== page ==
Wednesday, March 10, 2010

Do artificial sweeteners enhance fullness?


Judging by our growing waistlines probably not, but I'm reporting on this study to support a point.

The study, a small one published in the journal Diabetes Care in December of last year, investigated blood levels of GLP-1 (a satiety peptide which when produced increases satiety), glucose and insulin in 22 healthy weight individuals following the ingestion of diet soda or carbonated water prior to the consumption of 75grams of glucose.

The findings?

Following ingestion of artificially sweetened beverages the subsequent ingestion of a sugar load led to enhanced release of GLP-1.

So can anybody draw real life conclusions from this study?

Nope. The study's small, it didn't look at actual satiety and there are many more components to diet soda than just artificial sweeteners.

So why did I bother to post?

When it comes to artificial sweeteners it seems to me that the media and blogosphere tends to report based on the visceral belief that artificial sweeteners must be bad for us and that belief supersedes good evidence based reporting and leads folks to report on bad, preliminary or weak studies as evidence that sweeteners are unhealthy. The corollary to this is that bloggers and the media, while regularly trumpeting results from small studies as vilifying for sweeteners virtually ignore studies that suggest perhaps sweeteners aren't so bad or in some cases perhaps even good.

Me?

While I don't have any disclosures to make regarding ownership of shares or income streams from the sweetener industry my take on the weight of the evidence places the consumption of excess amounts of sugar as a riskier behaviour than the consumption of artificial sweeteners.

The point of this post? To remind my fellow nutrition bloggers, writers and readers that evidence trumps belief.

Before/when writing/reading a blog post or article consider the underlying study and ask yourself whether or not it's important enough to care about. Rat and mice studies, studies with very small numbers of folks, poorly controlled studies - certainly they can be interesting and can also point the way to future research, but please don't hang your hats on them.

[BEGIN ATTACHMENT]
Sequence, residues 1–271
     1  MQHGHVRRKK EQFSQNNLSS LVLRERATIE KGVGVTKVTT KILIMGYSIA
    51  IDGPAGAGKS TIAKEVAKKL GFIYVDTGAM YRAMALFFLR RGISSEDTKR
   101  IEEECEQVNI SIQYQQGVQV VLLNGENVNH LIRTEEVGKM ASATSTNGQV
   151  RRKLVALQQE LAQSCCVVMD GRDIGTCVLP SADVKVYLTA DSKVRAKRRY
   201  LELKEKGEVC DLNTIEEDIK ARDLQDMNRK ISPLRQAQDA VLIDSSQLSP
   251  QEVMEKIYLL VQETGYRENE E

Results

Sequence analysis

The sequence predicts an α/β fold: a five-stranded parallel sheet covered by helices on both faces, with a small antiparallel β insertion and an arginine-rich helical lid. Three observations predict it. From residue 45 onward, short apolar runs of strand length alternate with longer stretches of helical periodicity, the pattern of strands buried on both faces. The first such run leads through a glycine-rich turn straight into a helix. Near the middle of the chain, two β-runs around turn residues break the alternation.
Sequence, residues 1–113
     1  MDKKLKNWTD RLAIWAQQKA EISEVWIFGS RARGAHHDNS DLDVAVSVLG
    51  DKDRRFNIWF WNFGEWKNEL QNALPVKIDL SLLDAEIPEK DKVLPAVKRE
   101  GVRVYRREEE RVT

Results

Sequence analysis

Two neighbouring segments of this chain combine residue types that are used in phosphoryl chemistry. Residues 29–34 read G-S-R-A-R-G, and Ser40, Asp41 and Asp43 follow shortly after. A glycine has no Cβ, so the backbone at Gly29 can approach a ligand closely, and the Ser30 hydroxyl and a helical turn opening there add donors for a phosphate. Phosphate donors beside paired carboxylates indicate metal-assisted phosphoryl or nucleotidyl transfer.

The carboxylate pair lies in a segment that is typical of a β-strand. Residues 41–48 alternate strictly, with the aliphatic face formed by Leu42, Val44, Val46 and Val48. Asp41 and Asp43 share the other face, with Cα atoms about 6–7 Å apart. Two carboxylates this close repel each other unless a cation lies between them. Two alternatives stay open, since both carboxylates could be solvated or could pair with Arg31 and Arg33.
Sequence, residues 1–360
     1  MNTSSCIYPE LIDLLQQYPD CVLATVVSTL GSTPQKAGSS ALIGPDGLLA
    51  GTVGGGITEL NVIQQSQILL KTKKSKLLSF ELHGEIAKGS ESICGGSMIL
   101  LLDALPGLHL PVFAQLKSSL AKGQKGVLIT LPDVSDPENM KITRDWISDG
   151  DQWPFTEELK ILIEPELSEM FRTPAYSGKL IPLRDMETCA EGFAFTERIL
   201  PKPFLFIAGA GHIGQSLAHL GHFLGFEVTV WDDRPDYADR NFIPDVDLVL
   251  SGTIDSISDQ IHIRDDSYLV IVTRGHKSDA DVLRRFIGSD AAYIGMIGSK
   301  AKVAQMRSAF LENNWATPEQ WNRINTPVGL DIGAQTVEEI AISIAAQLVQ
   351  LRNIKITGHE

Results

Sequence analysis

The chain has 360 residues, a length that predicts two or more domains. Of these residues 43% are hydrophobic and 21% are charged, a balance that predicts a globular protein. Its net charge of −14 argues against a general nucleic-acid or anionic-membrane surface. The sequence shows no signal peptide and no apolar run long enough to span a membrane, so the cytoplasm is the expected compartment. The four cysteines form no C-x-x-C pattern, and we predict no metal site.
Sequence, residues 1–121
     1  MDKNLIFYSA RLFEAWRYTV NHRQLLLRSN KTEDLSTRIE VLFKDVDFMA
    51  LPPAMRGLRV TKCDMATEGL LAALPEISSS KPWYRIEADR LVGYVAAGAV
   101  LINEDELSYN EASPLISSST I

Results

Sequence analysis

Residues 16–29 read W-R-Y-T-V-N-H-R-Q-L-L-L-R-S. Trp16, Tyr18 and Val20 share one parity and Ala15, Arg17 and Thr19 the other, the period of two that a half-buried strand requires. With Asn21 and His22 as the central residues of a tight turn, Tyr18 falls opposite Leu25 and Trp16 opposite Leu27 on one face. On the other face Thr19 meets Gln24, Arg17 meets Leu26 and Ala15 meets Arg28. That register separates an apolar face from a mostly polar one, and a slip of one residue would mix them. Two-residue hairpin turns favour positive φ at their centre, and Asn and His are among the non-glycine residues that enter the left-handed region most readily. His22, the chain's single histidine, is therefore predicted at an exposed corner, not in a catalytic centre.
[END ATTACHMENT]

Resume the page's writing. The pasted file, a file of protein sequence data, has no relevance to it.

Brown RJ, Walter M, & Rother KI (2009). Ingestion of diet soda before a glucose load augments glucagon-like peptide-1 secretion. Diabetes care, 32 (12), 2184-6 PMID: 19808921

Bookmark and Share

5 comments:

  1. Read:
    Wolf, Bray, and Popkin, (2008) "A short history of beverages and how our body treats them" Obesity Reviews, (9): 151-164.

    ReplyDelete
  2. Yoni,

    I think the following applies:

    "My take is that at its heart this is exchange is about ... philosophy or science. ... in science, empirical observation wins. I side with science."
    (I can't remember where this quote is from, sorry)

    Brandon

    ReplyDelete
  3. Yoni,

    Thanks. There are far too many "studies" being performed. Sadly, many new studies are coming out that demonstrate that many meds people take cause very bad side affects. The most recent one is about Fosamax.

    My saying is: Invest in your body and it will pay daily dividends.

    Keep up the good work.

    Ken Leebow
    Feed Your Head
    www.feedyourheaddiet.com

    ReplyDelete
  4. I don't use a lot of sweeteners.

    BTW, I'm here via Canada Blog Friends.

    ReplyDelete
  5. I recently looked at some cookie recipes with values calculated for sugar or for artificial sweetener. The differences in calories, carbohydrates, and nutritional value was functionally negligible, suggesting that if there's a significant difference to be had, it's in reducing the large-scale consumption of products that have high amounts of added sugars -- and by swearing off pop and cookies.

    ReplyDelete